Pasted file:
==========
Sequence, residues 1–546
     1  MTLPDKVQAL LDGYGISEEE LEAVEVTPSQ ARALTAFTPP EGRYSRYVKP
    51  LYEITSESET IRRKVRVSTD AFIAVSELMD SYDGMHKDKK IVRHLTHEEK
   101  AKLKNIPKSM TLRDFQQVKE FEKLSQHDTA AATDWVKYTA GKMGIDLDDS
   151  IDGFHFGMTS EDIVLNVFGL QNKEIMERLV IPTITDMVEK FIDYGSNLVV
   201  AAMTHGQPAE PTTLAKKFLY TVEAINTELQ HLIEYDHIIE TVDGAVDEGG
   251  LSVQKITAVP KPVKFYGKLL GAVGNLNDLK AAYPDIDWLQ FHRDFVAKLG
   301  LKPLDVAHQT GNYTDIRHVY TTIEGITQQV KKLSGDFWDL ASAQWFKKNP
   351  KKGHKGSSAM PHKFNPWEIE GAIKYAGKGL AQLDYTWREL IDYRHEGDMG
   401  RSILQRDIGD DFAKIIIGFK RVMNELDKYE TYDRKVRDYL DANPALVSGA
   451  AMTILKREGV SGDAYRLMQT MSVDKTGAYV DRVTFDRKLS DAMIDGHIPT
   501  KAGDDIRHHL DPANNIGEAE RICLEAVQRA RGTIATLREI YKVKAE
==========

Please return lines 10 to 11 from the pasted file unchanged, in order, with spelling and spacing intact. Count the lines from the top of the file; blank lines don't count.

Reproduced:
   401  RSILQRDIGD DFAKIIIGFK RVMNELDKYE TYDRKVRDYL DANPALVSGA
   451  AMTILKREGV SGDAYRLMQT MSVDKTGAYV DRVTFDRKLS DAMIDGHIPT